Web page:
The writing of this manuscript received the support of Fundação para a Ciência e a Tecnologia, grant numbers UIDB/04295/2020 and UIDP/04295/2020.

Institutional Review Board Statement

Not applicable.

Informed Consent Statement

Written informed consent has been obtained from all patients to publish this paper.

Data Availability Statement

Data may be sorted by contact with corresponding authors.


The National Institute of Health Doutor Ricardo Jorge (Instituto Ricardo Jorge) for laboratory diagnosis of all suspected cases.

Conflicts of Interest

The authors declare no conflict of interest.


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Figure 1. Skin and soft tissue manifestations of monkeypox in this case series. (a) Upper limb pustules and cicatrized lesion in venopunction site (needle sharing with confirmed case). Below the cicatrized puncture lesion there is an abscess with isolation of methicillin-resistant Staphylococcus aureus (patient B described in Table 4). (b) Anal umbilicated pustules and abundant exudation in a patient with proctitis (patient A described in Table 4). (c) Three umbilicated lesions (small arrows) and moderate size painful ulcer in left lateral tongue side—outpatient case. (d) Three umbilicated pustules in penis foreskin—outpatient case. (e) Two trunk lesions—in pustular and macular phases in a patient with diffuse trunk rash—outpatient case. (f) Two hand lesions—in pustular and umbilicated pustule phases in a patient with upper limb rash—outpatient case.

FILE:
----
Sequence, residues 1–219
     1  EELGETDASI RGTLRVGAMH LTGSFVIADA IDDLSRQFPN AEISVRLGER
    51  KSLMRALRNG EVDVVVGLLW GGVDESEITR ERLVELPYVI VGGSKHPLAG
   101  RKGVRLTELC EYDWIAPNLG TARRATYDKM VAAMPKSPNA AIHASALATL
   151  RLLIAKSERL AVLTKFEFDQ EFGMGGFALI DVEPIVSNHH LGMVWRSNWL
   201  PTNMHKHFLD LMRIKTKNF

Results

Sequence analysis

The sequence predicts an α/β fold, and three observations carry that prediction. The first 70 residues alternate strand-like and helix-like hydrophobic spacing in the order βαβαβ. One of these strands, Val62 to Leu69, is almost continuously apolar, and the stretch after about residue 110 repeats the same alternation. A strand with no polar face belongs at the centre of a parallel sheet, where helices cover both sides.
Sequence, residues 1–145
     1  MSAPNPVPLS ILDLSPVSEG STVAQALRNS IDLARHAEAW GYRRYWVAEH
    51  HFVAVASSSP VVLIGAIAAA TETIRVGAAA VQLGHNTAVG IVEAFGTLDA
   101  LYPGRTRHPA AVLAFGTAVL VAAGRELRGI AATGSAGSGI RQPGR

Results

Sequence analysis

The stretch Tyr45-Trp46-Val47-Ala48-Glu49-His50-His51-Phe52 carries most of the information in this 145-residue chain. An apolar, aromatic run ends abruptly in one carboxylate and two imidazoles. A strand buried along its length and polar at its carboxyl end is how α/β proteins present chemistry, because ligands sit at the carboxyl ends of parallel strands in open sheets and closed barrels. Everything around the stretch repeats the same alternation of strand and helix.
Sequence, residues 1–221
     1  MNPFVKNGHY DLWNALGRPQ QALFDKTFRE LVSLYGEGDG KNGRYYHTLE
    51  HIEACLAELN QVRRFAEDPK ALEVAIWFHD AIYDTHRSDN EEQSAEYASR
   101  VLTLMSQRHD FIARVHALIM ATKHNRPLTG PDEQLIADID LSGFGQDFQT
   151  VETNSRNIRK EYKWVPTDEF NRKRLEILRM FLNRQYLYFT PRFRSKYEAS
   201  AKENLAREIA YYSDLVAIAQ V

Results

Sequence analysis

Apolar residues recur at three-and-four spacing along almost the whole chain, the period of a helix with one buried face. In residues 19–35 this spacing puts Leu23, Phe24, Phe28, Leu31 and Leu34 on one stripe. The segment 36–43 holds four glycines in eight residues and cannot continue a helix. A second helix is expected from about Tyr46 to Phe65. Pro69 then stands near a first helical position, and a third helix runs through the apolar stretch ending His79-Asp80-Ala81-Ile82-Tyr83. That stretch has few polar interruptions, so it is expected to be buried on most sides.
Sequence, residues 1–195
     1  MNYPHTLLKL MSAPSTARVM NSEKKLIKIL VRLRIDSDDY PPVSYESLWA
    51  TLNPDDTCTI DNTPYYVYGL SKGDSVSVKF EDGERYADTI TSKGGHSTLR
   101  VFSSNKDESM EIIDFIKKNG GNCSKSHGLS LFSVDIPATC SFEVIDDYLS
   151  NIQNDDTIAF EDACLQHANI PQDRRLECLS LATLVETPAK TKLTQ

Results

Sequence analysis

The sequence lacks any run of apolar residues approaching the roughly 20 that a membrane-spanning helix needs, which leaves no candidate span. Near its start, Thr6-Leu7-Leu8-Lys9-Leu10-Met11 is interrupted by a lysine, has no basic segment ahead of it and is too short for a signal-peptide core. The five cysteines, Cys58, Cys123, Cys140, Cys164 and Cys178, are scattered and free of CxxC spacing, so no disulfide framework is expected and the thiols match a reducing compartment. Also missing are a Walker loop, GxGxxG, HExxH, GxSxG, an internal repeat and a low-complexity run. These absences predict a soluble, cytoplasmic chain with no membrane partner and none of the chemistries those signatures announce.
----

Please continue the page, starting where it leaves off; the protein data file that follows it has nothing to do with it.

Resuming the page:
Figure 1. Skin and soft tissue manifestations of monkeypox in this case series. (a) Upper limb pustules and cicatrized lesion in venopunction site (needle sharing with confirmed case). Below the cicatrized puncture lesion there is an abscess with isolation of methicillin-resistant Staphylococcus aureus (patient B described in Table 4). (b) Anal umbilicated pustules and abundant exudation in a patient with proctitis (patient A described in Table 4). (c) Three umbilicated lesions (small arrows) and moderate size painful ulcer in left lateral tongue side—outpatient case. (d) Three umbilicated pustules in penis foreskin—outpatient case. (e) Two trunk lesions—in pustular and macular phases in a patient with diffuse trunk rash—outpatient case. (f) Two hand lesions—in pustular and umbilicated pustule phases in a patient with upper limb rash—outpatient case.